A project of Dubai Turtle Rehabilitation Project in conjunction with the partners and sponsors detailed below.
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In its current form the project consists of a collaborative effort between Dubai’s Wildlife Protection Office (WPO) and the Jumeirah Group. It evolved from a small-time operation using fish quarantines, available locally for the occasional turtle stranding, but in 2010 alone, over 350 turtles have passed through the project and have been released into the sea. At the outset of the collaboration, the co-chairman of the Marine Turtle Specialist Group was brought in by WPO to ensure that the project followed best practice guidelines in terms of turtle handling, rehabilitation and release protocols.
Sea turtles received consist of three species, The hawksbill Eretmochelys imbricata, the green Chelonia mydas and the loggerhead Caretta caretta. Although we have received turtles up to 150Kg, by far the majority of the cases we receive are juvenile hawksbills of around 1kg in weight. An ever-increasing local awareness of our project has led to more turtles being received by the project, primarily in the season from January to April, when local waters can be down to 16C. Many of the turtles passing through our hands are due to the efforts of Emirates Marine Environmental Group, TDIC and Dubai Municipality’s Environment Section, as well as contributions from individuals.
Central to the success of the project is the veterinary work provided by our colleagues at the Dubai Falcon Hospital. Original contributions and protocols for turtle receipt and treatment from Peter McKinney in the late 90’s have subsequently seen contributions from numerous successive veterinarians. Mirjam Hampel has recently left us for work in Europe, but in her time with the project she contributed enormously to the development of the project. Some of our combined work may be viewed in Wildlife Middle East articles, available online. We have also been joined by Valentina Caliendo, who brings to us her experiences of working with cold-stunned individuals in the Mediterranean and Adriatic and most recently Conor Kilgallon who is now offering his veterinary expertise.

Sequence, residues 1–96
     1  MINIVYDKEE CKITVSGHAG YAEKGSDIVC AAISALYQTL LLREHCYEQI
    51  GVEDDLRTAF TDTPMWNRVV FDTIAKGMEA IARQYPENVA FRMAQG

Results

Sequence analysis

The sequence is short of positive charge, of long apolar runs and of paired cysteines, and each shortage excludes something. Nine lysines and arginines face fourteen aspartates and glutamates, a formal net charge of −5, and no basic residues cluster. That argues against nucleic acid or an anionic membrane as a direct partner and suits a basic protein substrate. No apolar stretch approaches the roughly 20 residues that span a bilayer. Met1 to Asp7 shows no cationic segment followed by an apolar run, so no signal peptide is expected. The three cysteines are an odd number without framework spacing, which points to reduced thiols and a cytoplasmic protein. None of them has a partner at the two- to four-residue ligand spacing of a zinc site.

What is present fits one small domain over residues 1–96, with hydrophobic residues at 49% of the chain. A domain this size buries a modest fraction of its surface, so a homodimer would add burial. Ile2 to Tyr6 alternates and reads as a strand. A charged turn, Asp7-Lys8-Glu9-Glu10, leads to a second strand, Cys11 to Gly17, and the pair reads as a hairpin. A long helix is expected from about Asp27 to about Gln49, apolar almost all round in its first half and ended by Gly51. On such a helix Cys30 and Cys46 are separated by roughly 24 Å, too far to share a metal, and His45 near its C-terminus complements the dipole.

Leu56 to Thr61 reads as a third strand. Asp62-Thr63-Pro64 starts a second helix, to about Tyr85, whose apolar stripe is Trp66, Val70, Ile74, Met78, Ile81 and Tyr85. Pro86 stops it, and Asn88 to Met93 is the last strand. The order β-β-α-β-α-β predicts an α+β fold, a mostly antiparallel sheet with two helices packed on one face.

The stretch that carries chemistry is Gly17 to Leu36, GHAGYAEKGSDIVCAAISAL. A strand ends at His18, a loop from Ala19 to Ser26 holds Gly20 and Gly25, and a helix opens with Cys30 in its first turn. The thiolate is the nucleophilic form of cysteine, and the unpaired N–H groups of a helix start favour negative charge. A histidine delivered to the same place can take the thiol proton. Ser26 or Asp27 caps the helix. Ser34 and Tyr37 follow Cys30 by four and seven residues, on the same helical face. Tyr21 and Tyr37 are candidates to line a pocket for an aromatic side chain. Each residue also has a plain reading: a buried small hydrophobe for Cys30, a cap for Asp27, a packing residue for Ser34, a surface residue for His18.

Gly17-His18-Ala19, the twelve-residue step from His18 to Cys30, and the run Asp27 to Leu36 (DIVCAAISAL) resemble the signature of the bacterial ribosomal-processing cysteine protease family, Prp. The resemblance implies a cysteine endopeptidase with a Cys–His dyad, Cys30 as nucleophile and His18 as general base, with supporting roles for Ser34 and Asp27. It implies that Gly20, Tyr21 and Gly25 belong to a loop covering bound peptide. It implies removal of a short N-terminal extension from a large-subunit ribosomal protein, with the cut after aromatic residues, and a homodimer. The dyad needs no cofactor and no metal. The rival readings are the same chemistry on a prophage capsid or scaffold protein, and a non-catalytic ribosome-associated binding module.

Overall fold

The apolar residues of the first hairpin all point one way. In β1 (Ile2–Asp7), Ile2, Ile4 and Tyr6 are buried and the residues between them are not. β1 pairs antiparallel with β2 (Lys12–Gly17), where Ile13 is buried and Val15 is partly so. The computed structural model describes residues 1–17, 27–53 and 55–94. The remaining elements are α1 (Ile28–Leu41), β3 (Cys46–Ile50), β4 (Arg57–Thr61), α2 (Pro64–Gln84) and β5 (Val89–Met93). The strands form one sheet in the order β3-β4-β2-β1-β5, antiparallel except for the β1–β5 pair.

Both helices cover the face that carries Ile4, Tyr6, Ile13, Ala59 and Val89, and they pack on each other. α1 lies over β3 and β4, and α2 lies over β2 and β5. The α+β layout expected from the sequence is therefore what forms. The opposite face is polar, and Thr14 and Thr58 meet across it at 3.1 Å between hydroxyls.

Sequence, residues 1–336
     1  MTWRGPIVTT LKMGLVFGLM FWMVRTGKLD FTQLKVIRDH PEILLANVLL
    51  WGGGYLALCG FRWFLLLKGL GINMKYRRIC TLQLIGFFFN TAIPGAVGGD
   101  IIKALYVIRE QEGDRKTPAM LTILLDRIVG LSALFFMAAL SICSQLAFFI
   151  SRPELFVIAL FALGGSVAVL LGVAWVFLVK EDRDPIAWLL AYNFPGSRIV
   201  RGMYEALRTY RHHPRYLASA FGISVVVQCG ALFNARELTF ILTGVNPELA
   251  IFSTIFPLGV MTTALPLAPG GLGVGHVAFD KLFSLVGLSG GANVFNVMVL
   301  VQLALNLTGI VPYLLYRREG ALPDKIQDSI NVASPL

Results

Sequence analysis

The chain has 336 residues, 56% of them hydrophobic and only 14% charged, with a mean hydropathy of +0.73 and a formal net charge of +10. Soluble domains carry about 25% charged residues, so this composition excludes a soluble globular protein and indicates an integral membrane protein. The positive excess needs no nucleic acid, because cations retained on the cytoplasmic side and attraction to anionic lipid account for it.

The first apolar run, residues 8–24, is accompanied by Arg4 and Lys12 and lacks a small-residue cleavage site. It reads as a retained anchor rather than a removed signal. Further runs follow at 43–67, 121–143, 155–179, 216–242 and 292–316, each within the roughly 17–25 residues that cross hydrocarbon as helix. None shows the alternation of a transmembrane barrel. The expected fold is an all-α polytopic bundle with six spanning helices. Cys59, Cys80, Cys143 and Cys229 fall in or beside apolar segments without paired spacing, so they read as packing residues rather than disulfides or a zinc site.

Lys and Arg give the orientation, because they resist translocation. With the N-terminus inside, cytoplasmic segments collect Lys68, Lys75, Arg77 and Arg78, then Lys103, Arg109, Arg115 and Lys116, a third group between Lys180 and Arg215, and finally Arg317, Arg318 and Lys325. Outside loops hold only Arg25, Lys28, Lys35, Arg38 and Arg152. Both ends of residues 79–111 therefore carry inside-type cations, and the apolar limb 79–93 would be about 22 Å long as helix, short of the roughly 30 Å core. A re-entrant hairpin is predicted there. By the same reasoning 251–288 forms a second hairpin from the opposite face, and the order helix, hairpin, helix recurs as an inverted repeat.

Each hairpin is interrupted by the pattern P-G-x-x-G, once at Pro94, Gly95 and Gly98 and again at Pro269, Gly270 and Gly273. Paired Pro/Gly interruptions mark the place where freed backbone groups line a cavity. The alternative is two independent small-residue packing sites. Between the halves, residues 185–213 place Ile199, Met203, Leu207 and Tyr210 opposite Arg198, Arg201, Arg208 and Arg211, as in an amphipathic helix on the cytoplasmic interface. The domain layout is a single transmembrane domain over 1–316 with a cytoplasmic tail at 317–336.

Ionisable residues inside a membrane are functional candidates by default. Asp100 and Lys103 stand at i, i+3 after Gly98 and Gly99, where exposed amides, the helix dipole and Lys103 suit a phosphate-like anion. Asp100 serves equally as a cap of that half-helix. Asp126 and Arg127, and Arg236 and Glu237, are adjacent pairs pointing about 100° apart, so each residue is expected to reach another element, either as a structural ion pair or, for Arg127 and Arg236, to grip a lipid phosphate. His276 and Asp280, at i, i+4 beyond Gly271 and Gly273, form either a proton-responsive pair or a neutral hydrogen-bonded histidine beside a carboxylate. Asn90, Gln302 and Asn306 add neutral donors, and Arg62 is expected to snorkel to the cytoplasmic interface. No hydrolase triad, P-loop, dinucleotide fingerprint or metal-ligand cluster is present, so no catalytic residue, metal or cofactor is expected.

Dubai’s Central Veterinary Research Laboratory (CVRL) provides support in terms of pathology, bacteriology and follow-up blood work.
Although much of our work is behind closed doors, Jumeirah Group has donated two large penned areas located at Madinat Jumeirah, which are used by the project as pre-release pens. This provides an important chance to observe behaviour of the turtles immediately prior to release. It also provides a first-class interface between the public and the turtles, contributing greatly to local awareness. In excess of 1000 school children visit the project annually and receive guided tours and information on the turtles.
The release pen is furnished with an artificial reef donated by Amusement White Water. This provides environmental enrichment to the animals within, and allows us to observe the turtle’s forage behaviour.
The Jumeirah Group has also provided all funding for the eleven satellite tags deployed to date. This provides us with the very exciting opportunity to monitor our turtles post-release. Our 2008 release, Dibba, brought fascinating data back, on its travels from UAE’s East coast to the last known position close to Thailand (8600km). We choose to share all this information via Seaturtle.org in order to contribute to the growing awareness and knowledge of turtle behaviour.
The day to day project management is from Wildlife Protection Office’s Kevin Hyland and from Burj al Arab’s Aquarium Management Warren Baverstock and David Robinson.